Gainesville boys soccer happy to be playing state championship at home
Class AAA state championship
When: 7 p.m. Friday
Where: City Park Stadium
All of Gainesville senior Charlie Bryant’s friends know that he plays on the varsity Red Elephants soccer team.
But, he said, a number had just assumed over the years that, as the “nerdy kid,” he probably didn’t play much.
“It’s funny, most of my friends at school do not realize that I’m actually good at soccer,” Bryant said. “But when I can convince them to come to the games they say, ‘hey, you actually play a lot.’”
Bryant is certainly smart — his unweighted GPA is 4.8214 and he turned down offers from a number of Ivy League schools to attend Georgia Tech on a full academic scholarship — but he is also a key member of the second-ranked Red Elephants (19-1-1) as they prepare to play for a second state title in three years at 7 p.m. Saturday against No. 1 Woodward Academy (17-3-1) at City Park Stadium in Gainesville.
If his friends came to see him play in the 2-1 semifinal win over St. Pius X on Tuesday, they saw a defensive midfielder who used his height and smarts to head in the equalizer in the second half, his second decisive header in the last three playoff games.
“It’s his size, and it’s his strength, and he’s so intelligent,” said Gainesville coach Rick Howard, who said he’d like to have a picture of the way Bryant contorted to score the goal against St. Pius X.
“He understands body positioning and things like that.”
He also understands math and Latin, his two favorite subjects, and is a self-described NBA junkie.
It’s where he first heard the word Ubuntu, Swahili for togetherness, being used by the Boston Celtics during their 2008 title run. The Red Elephants have adopted that phrase this year as their own, a team that has made it back to the state championship game in large part due to the senior leadership, six of whom start and two more who play part-time up front.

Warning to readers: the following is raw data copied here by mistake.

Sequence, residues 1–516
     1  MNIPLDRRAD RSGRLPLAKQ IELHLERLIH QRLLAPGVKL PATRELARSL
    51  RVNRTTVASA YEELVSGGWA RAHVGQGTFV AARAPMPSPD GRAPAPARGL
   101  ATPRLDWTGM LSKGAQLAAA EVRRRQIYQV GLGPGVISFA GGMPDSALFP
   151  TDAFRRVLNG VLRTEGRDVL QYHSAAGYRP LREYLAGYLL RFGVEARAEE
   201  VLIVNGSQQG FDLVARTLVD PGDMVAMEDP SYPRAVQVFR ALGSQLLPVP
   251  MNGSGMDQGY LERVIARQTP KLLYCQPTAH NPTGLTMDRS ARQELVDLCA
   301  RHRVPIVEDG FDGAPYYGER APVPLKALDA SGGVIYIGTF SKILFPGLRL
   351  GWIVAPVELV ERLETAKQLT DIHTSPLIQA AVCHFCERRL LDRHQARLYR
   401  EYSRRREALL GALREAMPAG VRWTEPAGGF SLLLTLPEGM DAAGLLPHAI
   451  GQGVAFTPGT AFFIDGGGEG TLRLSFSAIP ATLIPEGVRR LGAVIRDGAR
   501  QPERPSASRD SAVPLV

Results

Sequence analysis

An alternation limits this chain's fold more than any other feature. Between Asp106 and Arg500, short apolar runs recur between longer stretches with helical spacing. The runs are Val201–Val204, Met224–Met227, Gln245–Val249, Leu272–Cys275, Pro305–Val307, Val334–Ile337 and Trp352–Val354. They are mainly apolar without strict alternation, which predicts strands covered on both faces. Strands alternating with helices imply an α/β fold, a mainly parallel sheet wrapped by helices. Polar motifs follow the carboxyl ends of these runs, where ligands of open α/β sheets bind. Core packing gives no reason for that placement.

Bryant relishes his role as a team leader, and it shows.
“He’s a leader on and off the field, and a good role model,” said fellow senior Aidan Reising. “He’s a big asset.”
Bryant has been a starter for the Red Elephants since his freshman year when, early into the season, Howard put him in on defense to replace an injured player. His goal was to mark the opposing forward.
“I was a scrawny little thing as a freshman,” the 6-foot-1 Bryant said. “But I did my best and apparently coach thought I must have done an OK job, because I got the gig after that.”
Junior midfielder Douglas Mejia, also a starter on the 2010 team, said he’s only improved since then, and that his move to the midfield has only strengthened the unit. Just like in the classroom, Bryant has put his all into improving on the pitch.
“I do not do anything halfheartedly, and I just devote myself fully to my studies and to my teammates, so I just attack everything I do with joy,” he said. “I love learning just as much as I love playing soccer.”
He said he loves how soccer is like a global language, and the camaraderie that comes with being on a team. It’s why he’s been a regular on the pitch ever since he could first get in uniform at the age of 4.
Except for a year off to recover from a broken femur at 5, an injury which he said he has clearly recovered well from, he has been playing ever since. By the age of 9 he was playing with the local travel team, the Lanier Sharks, along with many of his current and past Gainesville teammates.
He even remembered a time when he and Reising, as 10-year-olds, went to a soccer camp in town run by the high school team.
“They said, ‘work hard and one day you’ll be out there at City Park playing under the lights,’” Bryant recalled. “And we took it to heart, that was our goal.”
Now the two are key pieces as Gainesville tries to once again beat Woodward Academy for the state title, two years after winning 3-2 in Atlanta.
Bryant relishes the opportunity to play with everything on the line.
“It’s surreal,” he said. “There are very few points in your life where your hard work of the past two years really culminates and hinges on one singular result, it’s a special occasion, either way.
“It’s a chance for much glory or much despair.”